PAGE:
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With cases of H1N1 on the rise, hugs, high-fives, even air-kisses are about to go the way of the dodo. Just like seasonal flu, the swine flu is contagious, and, according to the CDC, is thought to spread mainly person-to-person.

Getting into a routine of some other basic habits can help you stave off the H1N1 flu andthe seasonal flu, and allow you to stay healthy and happy this fall and winter.

One of the simplest things you can do is to wash your hands often with soap and water, especially after you cough or sneeze. If you don’t happen to have access to a sink, an alcohol-based hand sanitizer is also effective in keeping your hands germ-free.

It is also important to remember to cover your mouth with a tissue when sneezing or coughing and throw it away immediately after using it. If you don’t have a tissue on hand, sneeze or cough into your elbow. By avoiding your hands, you help prevent spreading your germs to the next person. Speaking of hands, keep yours away from your eyes, nose or mouth to keep germs out.

It’s always better to be safe than sorry. If someone near you has a case of the sniffles, it’s best to stay away. The New York State Department of Health advises people to avoid close contact—within six feet—with people who cough, sneeze or show other signs of infection. On the other hand, if you’re the one feeling under the weather, try to minimize your contact with others (and possibly infecting them) by staying home from work or school.

There is also the tried-and-true method of avoiding illness by maintaining good general health practices: get sufficient sleep (the experts recommend between 7–8 hours each day), be physically active, manage your stress level, drink plenty of fluids and maintain a healthy diet (remember your fruits and veggies).

These tips will not only help prevent you from getting the swine flu, but most other seasonal illnesses as well.

The American Red Cross in Greater New York offers a range of products and training to help individuals and corporations prepare for a pandemic flu outbreak and keep you and your loved ones healthy. Read our FAQs to learn more about H1N1. To find out about preparedness training programs for companies or organizations, please contact Jim Parker, in Health & Safety Services at parkerj@nyredcross.org.

The American Red Cross is on the ground in American Samoa where a tsunami swept across the island after a powerful earthquake hit the South Pacific.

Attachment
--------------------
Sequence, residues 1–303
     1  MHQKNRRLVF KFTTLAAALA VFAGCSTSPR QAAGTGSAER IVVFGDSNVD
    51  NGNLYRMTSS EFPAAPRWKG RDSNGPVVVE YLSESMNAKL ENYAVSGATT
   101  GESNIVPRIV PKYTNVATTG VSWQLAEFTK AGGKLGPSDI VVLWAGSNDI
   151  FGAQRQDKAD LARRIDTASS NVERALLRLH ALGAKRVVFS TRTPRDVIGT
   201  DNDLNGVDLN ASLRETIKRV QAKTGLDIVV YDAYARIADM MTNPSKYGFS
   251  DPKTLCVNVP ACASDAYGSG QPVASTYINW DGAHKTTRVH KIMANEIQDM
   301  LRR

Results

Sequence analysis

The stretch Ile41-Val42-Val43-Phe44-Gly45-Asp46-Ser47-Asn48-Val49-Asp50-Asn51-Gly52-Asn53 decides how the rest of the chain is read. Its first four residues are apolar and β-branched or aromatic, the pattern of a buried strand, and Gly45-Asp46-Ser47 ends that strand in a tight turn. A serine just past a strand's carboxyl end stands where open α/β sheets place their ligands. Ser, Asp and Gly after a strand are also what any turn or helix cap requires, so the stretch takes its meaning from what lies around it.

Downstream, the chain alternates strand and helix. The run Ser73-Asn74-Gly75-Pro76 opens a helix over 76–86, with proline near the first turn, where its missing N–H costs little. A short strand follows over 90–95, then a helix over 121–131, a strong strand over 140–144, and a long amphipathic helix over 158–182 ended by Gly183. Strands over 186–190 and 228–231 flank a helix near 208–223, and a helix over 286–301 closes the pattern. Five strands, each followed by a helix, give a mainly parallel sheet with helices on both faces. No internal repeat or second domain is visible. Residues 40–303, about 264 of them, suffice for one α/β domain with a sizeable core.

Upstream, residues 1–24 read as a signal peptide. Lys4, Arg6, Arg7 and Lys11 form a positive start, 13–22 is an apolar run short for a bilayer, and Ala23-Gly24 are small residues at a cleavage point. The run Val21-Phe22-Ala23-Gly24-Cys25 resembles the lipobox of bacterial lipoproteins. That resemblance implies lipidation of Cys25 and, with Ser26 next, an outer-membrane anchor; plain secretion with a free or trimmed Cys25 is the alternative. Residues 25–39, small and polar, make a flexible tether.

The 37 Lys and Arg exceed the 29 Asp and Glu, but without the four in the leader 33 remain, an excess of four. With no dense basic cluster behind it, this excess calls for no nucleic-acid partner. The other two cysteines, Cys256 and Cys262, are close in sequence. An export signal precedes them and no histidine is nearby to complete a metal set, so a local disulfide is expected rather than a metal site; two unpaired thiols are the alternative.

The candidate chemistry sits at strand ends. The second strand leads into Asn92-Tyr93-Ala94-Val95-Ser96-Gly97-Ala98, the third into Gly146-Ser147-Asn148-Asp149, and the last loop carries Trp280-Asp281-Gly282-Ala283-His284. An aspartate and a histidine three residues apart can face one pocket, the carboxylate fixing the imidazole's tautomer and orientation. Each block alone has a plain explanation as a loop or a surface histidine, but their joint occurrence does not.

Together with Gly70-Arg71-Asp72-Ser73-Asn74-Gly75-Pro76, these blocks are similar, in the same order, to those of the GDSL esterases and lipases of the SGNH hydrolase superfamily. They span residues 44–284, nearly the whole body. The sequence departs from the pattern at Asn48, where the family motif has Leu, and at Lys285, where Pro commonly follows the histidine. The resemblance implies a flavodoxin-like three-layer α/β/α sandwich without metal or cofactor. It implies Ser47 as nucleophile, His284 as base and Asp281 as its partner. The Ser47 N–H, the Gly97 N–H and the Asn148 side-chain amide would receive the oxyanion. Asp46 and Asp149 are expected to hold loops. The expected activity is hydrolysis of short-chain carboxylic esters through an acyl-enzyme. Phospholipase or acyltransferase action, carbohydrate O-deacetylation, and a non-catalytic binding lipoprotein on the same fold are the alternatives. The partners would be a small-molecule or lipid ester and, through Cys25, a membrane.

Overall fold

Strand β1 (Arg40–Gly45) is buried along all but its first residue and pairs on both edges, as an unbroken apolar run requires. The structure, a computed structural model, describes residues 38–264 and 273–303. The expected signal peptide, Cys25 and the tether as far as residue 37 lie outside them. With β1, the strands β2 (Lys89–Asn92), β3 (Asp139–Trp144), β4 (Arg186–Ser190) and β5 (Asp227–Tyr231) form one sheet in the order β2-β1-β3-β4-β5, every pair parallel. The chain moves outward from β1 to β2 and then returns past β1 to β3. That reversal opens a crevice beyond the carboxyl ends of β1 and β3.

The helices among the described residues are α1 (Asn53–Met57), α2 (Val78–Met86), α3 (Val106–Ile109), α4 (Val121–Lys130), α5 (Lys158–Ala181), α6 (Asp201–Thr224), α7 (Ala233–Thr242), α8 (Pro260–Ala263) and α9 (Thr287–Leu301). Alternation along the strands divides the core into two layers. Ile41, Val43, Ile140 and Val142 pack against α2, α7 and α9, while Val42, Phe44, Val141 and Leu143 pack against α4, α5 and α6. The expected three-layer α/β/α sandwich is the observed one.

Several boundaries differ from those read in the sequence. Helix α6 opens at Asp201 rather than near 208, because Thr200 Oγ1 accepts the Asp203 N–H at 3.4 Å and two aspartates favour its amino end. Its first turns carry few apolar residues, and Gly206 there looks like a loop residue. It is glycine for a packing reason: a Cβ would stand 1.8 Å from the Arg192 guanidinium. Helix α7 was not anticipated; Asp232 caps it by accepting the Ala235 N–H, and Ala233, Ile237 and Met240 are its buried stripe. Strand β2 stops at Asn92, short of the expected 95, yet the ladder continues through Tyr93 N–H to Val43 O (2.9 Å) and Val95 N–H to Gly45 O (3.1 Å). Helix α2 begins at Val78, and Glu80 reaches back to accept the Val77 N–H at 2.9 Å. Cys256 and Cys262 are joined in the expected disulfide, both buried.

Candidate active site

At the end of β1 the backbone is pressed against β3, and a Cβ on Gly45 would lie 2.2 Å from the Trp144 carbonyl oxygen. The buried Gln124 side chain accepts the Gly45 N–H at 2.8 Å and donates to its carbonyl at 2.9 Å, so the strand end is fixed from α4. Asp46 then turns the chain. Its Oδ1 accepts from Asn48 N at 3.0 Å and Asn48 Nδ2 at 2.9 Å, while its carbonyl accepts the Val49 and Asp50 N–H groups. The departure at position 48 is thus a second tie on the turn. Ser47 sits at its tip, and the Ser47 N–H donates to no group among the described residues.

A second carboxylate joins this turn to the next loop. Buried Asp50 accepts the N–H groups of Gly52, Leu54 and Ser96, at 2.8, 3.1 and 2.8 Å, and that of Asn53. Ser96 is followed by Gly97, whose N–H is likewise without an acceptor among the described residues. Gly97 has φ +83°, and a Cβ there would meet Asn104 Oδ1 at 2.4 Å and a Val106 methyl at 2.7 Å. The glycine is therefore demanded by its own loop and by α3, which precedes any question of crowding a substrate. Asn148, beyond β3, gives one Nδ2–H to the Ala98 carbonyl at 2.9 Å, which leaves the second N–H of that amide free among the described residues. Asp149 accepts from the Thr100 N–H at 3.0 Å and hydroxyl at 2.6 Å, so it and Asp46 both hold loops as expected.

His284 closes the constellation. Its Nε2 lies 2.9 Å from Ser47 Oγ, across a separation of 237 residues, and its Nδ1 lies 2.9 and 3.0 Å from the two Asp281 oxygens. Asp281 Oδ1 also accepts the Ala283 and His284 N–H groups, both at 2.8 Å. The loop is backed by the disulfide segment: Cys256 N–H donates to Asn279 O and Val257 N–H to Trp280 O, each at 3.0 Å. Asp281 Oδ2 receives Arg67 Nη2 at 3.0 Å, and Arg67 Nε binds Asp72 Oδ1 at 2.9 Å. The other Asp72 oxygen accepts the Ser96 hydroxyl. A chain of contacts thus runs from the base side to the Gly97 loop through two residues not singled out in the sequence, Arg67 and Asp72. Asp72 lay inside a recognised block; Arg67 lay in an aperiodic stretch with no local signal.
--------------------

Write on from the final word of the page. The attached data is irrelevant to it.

Red Cross has dozens of volunteers already providing food and supplies to those on the island.  A team of 50 volunteers is being sent in to supplement the efforts of the local Red Cross team.  The Red Cross has a warehouse on American Samoa supplied with cots, flashlights, and cooking and clean-up supplies, and will be sending in additional supplies as quickly as possible.

“We will get there as quickly as we can with what we can,” said Joe Becker, senior vice president for Red Cross Disaster Services.  “Our first priority is to provide food and water.”  After yesterday’s 8.0 magnitude earthquake and resulting tsunami, a significant portion of American Samoa is without power or water amid widespread damage.

Getting information out of the island is very slow at this time.  The Red Cross urges those who have been able to contact loved ones on American Samoa to register them with Safe and Well, the best way to share information about their status.  You can register on the Red Cross Safe and Well Website at www.redcross.org.  If you do not have internet access, call 1-800-REDCROSS to register your loved ones.  The information you post will let other loved ones know about the well-being of those on the island.  Please note – Safe and Well works only on American Samoa.  The service will not work on Samoa.

American Samoa, a group of seven islands about 2,300 miles southwest of Hawaii, is a United States Territory.  American Samoa and the independent country of Western Samoa make up the Samoan group of islands in the center of Polynesia.  According to news reports, four tsunami waves about 15 to 20 feet high came ashore on American Samoa after the earthquake in the South Pacific.